Armed with this very basic understanding of E-rate and what we can use it for, let's dive deeper. Let's say your school district is already considering a move to one-to-one computing. End-user workstation functionality (physical or virtual) is ineligible for E-rate discounts. However, virtual desktop infrastructure does contain some eligible functionality in the form of virtual switching, routing and network interfaces. For example, some components of Virtualization can be E-rate eligible on the basis of its eligible network infrastructure functionality. So, in this case E-rate can help with one-to-one computing. VMware View is an example of a one-to-one computing solution that can be used in this manner. To download a PDF with more information about VMware View (and other E-rate eligible solutions from VMware) click HERE. In this scenario, E-rate can indeed be used to help the district pursue one-to-one computing.

Technology manufacturers will also work closely with your IT team and provide information to help you find solutions that meet your needs AND your desire to secure funds for learning via E-rate. As they are obviously on the forefront of the technology, they also are the most current on how their own technology intertwines with E-rate. All you have to do is ask!

We've only scratched the surface of the possibilities of how E-rate can help your learning institution. If you see the potential and would like to learn more about how E-rate could fit into YOUR technology picture, go HERE and download the whitepaper about VMware E-rate.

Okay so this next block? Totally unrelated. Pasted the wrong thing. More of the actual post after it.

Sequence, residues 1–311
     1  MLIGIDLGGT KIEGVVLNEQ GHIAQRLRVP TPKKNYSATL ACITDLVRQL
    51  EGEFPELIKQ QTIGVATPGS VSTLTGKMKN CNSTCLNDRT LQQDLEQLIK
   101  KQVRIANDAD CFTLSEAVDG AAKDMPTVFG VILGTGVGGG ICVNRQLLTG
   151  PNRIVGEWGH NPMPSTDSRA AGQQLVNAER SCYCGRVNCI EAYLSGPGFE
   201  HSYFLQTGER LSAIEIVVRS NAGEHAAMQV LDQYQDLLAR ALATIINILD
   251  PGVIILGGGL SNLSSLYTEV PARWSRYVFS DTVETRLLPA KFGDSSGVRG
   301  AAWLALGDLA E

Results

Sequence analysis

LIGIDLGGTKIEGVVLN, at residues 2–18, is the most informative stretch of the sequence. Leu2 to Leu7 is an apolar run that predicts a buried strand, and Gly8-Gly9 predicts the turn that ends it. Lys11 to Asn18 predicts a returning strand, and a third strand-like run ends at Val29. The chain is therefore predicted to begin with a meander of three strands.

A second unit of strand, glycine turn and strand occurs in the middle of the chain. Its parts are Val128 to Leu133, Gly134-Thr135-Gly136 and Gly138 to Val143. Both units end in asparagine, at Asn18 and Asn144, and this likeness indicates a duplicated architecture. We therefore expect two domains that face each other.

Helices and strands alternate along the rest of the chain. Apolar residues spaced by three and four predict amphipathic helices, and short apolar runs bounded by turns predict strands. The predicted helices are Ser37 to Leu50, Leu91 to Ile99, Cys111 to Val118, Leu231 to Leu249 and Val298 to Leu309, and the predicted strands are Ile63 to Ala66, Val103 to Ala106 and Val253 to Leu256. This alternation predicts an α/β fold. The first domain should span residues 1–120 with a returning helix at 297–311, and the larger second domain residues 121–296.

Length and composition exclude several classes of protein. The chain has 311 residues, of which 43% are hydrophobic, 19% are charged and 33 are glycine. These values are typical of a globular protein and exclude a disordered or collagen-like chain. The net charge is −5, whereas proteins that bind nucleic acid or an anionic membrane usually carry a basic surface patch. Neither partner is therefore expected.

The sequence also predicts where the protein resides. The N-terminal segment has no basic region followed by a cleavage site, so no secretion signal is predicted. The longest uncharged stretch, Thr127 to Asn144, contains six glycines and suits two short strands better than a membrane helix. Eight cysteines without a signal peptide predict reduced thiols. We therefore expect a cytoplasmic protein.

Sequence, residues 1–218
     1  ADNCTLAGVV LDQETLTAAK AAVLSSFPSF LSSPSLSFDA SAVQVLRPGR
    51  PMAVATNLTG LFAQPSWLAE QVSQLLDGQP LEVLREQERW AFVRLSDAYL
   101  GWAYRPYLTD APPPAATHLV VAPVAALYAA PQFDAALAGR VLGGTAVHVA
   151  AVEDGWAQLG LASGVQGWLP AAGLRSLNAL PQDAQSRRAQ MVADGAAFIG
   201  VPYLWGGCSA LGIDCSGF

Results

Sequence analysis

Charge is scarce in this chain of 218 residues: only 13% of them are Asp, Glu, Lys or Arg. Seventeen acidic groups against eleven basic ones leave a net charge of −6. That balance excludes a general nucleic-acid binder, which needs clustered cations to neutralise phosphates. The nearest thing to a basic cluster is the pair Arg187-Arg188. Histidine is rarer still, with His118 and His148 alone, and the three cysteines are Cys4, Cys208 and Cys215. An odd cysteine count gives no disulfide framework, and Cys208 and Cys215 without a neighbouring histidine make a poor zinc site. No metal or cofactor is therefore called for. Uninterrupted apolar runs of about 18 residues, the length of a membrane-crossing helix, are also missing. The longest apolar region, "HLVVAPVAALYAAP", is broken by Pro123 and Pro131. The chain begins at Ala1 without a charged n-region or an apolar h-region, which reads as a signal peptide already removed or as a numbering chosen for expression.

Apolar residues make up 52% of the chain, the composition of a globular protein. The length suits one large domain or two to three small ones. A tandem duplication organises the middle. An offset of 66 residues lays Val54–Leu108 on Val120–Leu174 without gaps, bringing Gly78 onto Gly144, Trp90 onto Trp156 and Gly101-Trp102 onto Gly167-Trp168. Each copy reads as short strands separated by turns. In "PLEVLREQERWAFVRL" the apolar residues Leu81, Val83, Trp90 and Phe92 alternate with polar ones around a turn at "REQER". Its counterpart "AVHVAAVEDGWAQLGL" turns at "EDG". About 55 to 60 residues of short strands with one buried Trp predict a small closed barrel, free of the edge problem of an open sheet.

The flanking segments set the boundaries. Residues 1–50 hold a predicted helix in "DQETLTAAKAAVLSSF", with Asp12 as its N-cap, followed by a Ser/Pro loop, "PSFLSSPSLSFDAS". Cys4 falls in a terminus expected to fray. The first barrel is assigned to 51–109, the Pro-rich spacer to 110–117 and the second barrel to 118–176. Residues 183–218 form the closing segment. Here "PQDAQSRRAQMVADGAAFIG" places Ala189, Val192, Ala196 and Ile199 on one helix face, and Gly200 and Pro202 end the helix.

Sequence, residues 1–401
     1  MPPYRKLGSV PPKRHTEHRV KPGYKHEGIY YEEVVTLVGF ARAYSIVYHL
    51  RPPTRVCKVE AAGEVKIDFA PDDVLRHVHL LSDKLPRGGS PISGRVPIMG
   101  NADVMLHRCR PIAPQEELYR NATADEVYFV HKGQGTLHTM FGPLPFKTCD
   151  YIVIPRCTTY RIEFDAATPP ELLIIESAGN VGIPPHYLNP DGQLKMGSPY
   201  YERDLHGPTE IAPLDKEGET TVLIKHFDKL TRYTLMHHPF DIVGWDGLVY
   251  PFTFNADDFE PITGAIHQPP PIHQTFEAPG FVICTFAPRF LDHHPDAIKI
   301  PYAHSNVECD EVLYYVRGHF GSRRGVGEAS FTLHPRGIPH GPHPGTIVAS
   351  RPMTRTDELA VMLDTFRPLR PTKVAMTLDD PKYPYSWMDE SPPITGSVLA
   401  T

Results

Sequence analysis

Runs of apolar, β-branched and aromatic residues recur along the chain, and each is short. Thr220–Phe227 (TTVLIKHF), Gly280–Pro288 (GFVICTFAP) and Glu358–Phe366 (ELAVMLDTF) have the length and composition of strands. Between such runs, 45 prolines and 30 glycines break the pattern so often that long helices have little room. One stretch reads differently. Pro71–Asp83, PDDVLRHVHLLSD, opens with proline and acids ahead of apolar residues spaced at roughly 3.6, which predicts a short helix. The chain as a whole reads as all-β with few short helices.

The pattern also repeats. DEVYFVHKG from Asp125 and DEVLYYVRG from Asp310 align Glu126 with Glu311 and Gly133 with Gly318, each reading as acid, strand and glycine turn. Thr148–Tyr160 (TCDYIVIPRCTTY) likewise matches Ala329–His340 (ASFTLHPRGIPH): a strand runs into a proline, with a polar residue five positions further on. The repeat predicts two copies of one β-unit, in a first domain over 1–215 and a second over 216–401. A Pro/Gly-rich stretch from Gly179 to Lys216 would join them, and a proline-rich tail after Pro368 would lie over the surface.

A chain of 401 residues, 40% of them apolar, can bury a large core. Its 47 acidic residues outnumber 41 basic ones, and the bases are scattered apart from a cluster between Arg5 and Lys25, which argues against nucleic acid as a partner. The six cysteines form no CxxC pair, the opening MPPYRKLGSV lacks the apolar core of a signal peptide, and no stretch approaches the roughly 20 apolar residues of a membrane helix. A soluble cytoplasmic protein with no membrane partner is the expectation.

Topics: VMware

Are you ready for one-to-one computing in your School?

Posted by Tyler Wantulok

 

1. Is your network One to One ready?

  • a. Do you have the Wireless capability to handle every teacher/staff/administrator/student on wireless? 
  • b. Can your existing cabling handle the increased load on your Wireless devices? 
  • c. Can your area and core switches handle the massive traffic increase from Wireless devices? 
  • d. Can your bandwidth handle all traffic simultaneously hitting the Internet (as every teacher/staff/administrator/student goes online at the same time with a device)? 
  • e. Do you have methods prepared to limit unnecessary Internet access? (Filtering is one answer, but even limiting time on educational sites will need to be addressed, especially highly graphical websites) 
  • f. Increased access means data created will grow astronomically, are your servers ready to house this massive increase in data over the next 3-5 years? 

2. Moving to the Cloud? 
  • a. Do you have the bandwidth to move all or some of your data to the cloud (Google Apps)? 
  • b. Have you thought about what can be addressed with a private cloud? 

3. Are your Instructors ready?
  • a. Is your staff ready to teach in an environment where all students have a computing devise?